Slogging through the swamp that is my backyard this afternoon, after almost three inches of rain over the weekend, I sensed movement on the trunk of my magnolia tree and looked to see a small brown bird with a slightly curved bill making its way up the tree, looking for insects. It has been a while since I've seen one of these birds in my yard, but I recognized it immediately. It was a Brown Creeper.
The creeper is a winter visitor here. I have sometimes seen them in my yard in the fall, but I've never recorded one at this time of year. That doesn't mean they haven't been here. This is a very cryptically-colored bird which can be totally inconspicuous against the bark of a tree where it is usually found. In its coloration and the shape of its beak, it might be mistaken for a wren, but on second look, you would never make that error. The posture of the two birds is entirely different. Wrens are very perky birds, quick in their movements, and they most often carry their tails pointed jauntily toward the sky. Creepers, on the other hand, carry their long tails on a plane with their bodies, very much as woodpeckers do, and, in fact, they use them the same way that woodpeckers do, to brace their bodies as they creep up the trunks of trees.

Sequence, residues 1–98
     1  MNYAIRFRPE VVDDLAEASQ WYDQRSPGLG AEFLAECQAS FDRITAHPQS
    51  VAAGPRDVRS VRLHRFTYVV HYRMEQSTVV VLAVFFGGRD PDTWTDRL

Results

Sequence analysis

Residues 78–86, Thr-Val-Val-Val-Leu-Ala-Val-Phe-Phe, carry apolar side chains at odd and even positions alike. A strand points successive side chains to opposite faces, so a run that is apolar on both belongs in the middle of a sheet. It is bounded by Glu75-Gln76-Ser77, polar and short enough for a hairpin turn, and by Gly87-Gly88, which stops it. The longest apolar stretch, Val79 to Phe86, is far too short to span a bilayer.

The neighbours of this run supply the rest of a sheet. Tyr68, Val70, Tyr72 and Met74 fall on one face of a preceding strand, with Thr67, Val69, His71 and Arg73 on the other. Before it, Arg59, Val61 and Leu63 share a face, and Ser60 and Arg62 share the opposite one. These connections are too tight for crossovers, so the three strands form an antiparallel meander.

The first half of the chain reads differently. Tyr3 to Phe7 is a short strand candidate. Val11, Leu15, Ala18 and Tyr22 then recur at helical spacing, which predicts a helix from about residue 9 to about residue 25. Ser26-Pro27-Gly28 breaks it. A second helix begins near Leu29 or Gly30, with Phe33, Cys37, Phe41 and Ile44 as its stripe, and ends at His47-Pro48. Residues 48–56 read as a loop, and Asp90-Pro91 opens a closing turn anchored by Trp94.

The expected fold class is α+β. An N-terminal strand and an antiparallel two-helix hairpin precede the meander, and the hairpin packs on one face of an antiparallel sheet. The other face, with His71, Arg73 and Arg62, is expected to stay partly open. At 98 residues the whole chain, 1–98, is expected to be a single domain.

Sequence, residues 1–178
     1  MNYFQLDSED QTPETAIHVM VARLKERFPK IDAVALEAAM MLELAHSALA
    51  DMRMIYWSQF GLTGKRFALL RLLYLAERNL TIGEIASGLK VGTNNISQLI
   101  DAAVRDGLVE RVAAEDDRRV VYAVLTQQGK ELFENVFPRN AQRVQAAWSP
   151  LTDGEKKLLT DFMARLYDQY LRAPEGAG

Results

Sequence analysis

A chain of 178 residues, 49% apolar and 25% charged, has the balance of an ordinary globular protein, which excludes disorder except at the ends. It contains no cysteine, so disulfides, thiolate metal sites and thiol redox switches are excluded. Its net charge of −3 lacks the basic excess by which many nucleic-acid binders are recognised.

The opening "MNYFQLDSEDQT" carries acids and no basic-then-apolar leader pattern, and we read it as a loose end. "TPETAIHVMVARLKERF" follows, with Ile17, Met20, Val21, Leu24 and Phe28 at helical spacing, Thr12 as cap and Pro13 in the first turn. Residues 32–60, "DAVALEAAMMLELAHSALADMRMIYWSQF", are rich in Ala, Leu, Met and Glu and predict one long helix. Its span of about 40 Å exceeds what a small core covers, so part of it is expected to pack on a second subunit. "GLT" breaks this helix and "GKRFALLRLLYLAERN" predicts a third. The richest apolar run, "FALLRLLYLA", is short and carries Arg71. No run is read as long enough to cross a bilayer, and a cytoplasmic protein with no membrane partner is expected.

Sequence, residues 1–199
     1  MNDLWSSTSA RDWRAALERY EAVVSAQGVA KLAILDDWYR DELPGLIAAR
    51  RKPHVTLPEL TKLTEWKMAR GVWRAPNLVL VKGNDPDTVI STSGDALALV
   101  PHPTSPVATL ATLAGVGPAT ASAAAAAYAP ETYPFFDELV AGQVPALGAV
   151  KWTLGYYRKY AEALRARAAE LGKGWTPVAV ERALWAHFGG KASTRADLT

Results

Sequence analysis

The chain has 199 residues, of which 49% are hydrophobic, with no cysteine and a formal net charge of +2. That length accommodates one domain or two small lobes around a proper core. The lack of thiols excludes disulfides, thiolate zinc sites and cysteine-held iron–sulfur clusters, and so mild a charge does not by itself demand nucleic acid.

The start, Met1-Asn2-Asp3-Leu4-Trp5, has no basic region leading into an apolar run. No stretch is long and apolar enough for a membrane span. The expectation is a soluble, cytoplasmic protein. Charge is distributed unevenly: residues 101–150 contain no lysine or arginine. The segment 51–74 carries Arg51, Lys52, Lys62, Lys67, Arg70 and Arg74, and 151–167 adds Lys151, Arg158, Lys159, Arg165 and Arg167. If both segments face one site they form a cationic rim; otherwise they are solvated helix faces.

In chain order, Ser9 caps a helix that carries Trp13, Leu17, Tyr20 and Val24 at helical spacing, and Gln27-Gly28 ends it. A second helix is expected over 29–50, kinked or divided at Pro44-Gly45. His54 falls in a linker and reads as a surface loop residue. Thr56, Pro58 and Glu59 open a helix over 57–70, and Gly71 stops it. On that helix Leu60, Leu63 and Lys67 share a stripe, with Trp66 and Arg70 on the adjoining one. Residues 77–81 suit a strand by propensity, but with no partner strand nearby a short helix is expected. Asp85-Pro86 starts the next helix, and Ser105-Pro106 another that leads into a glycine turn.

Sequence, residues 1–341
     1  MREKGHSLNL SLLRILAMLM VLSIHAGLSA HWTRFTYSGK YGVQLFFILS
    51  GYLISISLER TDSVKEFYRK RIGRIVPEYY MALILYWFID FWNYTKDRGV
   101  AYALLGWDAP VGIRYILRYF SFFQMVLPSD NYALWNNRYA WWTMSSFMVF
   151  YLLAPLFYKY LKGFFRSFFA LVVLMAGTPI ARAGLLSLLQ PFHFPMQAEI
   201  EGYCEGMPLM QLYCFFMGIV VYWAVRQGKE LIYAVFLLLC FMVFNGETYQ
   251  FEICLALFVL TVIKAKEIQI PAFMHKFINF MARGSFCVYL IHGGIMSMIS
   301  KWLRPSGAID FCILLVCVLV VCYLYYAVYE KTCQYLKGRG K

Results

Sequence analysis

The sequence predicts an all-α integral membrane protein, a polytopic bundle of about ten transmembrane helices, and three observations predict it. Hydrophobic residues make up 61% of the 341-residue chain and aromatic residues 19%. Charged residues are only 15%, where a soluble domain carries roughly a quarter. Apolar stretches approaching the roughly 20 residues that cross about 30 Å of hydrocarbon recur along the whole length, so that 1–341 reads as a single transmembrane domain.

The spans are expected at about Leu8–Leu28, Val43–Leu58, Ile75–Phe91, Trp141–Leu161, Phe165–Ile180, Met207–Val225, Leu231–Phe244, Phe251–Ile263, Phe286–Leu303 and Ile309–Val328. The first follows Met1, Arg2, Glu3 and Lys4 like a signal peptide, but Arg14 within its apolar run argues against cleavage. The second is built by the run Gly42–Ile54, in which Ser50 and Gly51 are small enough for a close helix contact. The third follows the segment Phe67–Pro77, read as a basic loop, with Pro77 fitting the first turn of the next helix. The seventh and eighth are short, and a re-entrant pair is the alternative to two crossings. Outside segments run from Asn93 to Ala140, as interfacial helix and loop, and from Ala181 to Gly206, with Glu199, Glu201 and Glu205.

This little bird has a very thin and high-pitched song appropriate to its size. It reminds me a lot of another tiny bird that is visiting just now, the Blue-gray Gnatcatcher. It also sounds a bit like one of the kinglets and might be mistaken for them if you couldn't get a good look at the bird.
The Brown Creeper is normally a solitary bird, but like many of the other small birds, in winter it will sometimes travel in flocks with chickadees, kinglets, and titmice. The one that I saw today, though, was on its own.
It's likely that my visitor is just passing through on its way north. These birds nest along the far northern tier of states and up into Canada, as well as along the West Coast. Spring has come early this year and the migrants seem to be moving on quickly as they hurry to get to their breeding grounds, so I may not see this bird again. Still, I'm very glad that I got a glimpse of it. It brightened what had otherwise been a rather gloomy and soggy outlook around the old backyard today.